“Human trafficking” is a current buzzword and everyone is “against” trafficking but few have good information about what this means. Panelists will explain what trafficking is, what this means in the US and elsewhere, and how this can play out here and where the US promotes anti-trafficking law. Real-life examples including trafficking for labor and for commercial sex will be used. Information presented will be based on research and experience delivering direct services and advocating for good policy and action. We will discuss the passage and implementation of Prop 35 in California, which makes sex workers and others “sex offenders,” with examples from its impact upon sex workers, their clients and people ancillary to the industry.
Talking Out Loud About Senior Sex
Joan Price #cconseniorsex
Senior sex advocate and award-winning author Joan Price talks candidly and entertainingly about the continuing challenges, delights, and shudders that come with the territory of writing and speaking about senior sex. What does she say to reporters and who recoil at the idea of wrinkly people enjoying sex? How do we combat the stereotypes? Joan also shares key concerns that seniors raise about their own sexuality, and offers tips that you can share with your older clients.
Sex toys are an unregulated industry, with no health standards, consumer protections or labeling laws to guide consumers. The results have been inflammation and chemical burns from handling toxic toys, threats and bullying of those who speak up, and a culture that sees sex toys as a punchline, not a viable product. Toxic toys have affected individual consumers, retail shop owners and workers and taken their toll on the ethical manufacturers that strive for a higher standard.
Join us as we look at the history of toys and hear our panelists’ firsthand accounts in the sex toy industry. We’ll have a frank discussion about responsibility and ethics. Our panel has set their goal to empower their peers — be it bloggers, sex educators, retailers, workers and manufacturers. Together we can create informed consumers and be a part of the change the sex toy industry needs.
What’s So Special About Sex?
Ava Mir-Ausziehen #cconspecial
As professionals in the realm of sex and sexuality, it follows that we think sex is rich, important, fascinating – but have we given it more power than it’s worth? Do we do ourselves and everyone else a disservice by putting sex on a pedestal? This talk looks as everything from Foucault’s classic critique of the Repressive Hypothesis to the proliferation of sexual self-help guides, to question in what ways we do more harm than good by relegating sexuality to a ‘special’ place. In this exploration, sex educator and writer for Sssh.com Ava Mir-Ausziehen plays Devil’s Advocate by opening up the rarely asked question – is sex really such a big deal?
What’s Your “Bi-Q”?
Terri Clark #cconBi
Bisexual individuals are in many ways a hidden population. When recognized, bisexuality is often viewed as being part gay and part straight, rather than being its own unique identity. Further, bisexual individuals face not only discrimination confronting the LGT community because of their non-heterosexuality, but also resistance from the LGT community. Participants will increase their understanding of bisexuality and become more saavy when working with the diversity of our sexuality. This workshop will explore bisexuality through the lens of sexual orientation, gender identity and behavior, recognizing the fluidity and complexity of bisexuality. We will address myths about bisexuals as well as how uses of the Kinsey scale and the Klein sexual orientation grid may be helpful to understanding bisexuality as dynamic and multi-faceted.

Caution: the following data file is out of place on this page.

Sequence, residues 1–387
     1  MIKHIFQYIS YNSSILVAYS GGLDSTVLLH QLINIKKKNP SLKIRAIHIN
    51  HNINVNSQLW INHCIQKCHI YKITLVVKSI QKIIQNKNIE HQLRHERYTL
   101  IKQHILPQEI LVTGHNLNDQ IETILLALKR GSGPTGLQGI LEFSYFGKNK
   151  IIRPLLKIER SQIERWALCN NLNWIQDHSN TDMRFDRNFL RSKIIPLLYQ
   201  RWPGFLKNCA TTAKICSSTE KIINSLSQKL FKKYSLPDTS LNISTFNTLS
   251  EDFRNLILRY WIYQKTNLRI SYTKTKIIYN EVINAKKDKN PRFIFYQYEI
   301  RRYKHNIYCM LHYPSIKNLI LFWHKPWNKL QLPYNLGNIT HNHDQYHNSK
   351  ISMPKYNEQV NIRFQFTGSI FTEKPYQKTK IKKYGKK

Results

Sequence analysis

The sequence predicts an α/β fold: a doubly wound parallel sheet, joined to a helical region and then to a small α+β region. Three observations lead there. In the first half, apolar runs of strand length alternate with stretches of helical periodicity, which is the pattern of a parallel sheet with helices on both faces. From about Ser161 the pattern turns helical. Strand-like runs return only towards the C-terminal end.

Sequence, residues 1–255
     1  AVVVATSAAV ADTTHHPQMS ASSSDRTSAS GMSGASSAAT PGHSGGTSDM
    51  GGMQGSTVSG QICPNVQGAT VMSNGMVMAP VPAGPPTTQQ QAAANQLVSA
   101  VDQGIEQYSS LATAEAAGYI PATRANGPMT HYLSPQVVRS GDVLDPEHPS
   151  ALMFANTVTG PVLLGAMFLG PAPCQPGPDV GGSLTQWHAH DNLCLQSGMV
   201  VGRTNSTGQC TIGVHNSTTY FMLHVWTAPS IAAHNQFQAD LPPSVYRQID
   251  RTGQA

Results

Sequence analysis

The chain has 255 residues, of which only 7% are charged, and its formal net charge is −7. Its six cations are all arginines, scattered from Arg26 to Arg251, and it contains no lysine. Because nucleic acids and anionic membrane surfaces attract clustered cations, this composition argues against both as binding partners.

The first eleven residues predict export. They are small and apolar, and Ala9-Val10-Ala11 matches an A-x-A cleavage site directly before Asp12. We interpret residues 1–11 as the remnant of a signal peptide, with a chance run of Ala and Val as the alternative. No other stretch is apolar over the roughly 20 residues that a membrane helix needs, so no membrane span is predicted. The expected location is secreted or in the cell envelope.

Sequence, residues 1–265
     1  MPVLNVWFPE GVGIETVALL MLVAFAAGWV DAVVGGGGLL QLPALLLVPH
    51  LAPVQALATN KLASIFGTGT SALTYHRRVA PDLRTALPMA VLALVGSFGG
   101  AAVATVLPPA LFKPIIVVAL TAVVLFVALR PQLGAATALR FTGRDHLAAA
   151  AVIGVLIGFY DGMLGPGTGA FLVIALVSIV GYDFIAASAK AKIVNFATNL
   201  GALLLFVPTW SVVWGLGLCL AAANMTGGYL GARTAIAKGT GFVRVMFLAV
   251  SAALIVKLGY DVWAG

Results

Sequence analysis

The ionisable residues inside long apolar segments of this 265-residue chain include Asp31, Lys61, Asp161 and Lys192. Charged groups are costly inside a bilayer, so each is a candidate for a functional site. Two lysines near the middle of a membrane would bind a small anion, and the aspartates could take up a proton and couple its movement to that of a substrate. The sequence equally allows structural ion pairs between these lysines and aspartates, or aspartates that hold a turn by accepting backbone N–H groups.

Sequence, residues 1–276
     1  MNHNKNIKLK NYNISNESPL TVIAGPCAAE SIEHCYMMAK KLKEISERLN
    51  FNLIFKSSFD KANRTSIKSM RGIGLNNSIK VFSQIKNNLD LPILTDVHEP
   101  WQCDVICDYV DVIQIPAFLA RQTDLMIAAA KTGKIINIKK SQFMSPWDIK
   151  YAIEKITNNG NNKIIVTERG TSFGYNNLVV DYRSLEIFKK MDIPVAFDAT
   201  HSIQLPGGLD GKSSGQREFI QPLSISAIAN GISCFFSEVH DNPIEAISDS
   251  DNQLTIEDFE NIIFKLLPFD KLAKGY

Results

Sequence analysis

When To Give It Away and When To Charge For It: Knowing Your Worth, Assessing Others’, And How To Make Ends Meet As a Sex-Positive Professional
Reid Mihalko #cconcharge
You want to get paid to speak but no one’s got a budget for you… Someone asks you what you charge and you don’t want to undersell yourself… You tell someone your rates and they say you’re too expensive… You end up doing something for free and all it does is make you angry…
If any of these things sound familiar, join sex and relationship expert Reid Mihalko as he shares with you some tools, tips and tactics for: Evaluating your worth and pricing your services, understanding common business models in our industry and how to position yourself as a sex-positive professional inside of them, when you should charge for your expertise, and when to give it away, and why! If you want to increase your odds of making a living doing what you’re passionate about, then this is a do-not-miss talk!
Sex and disability. It’s the up-and-coming topic in sex-supportive and sex-positive circles these days. Disabled people are more visibly present in society, and the numbers of people with disabilities seems to be growing. Growing too is the sense that while we live in a sex-obsessed society, the sexuality of entire populations has been ignored and belittled. We talk about sex and disability because the topic intersects with so many things we’re already talking about; healthy body image, self-esteem, accessible sex education for all. We talk about sex and disability because it is the birthright of every single person to choose how they express their sexuality. We talk about sex and disability because of the bad stuff, including a higher than average number of sexual abuse survivors in disabled populations. We talk about sex and disability because ability is a temporary condition for most people, and disability is an invisible condition for many more.
We also talk about sex and disability because of what these discussions can teach us about sexuality in general. The mainstream conceptions of sex are limiting to most of us. Tools often utilized by people with disabilities, such as creativity and adaptability, can free us from these limits.
This workshop will start with a basic overview of disability. We will then look at some of the common sex and disability myths, and some of the realities people with different kinds of disabilities do face when negotiating their sexualities.
This workshop is a collective learning experience. Participants are encouraged to bring ideas and resources.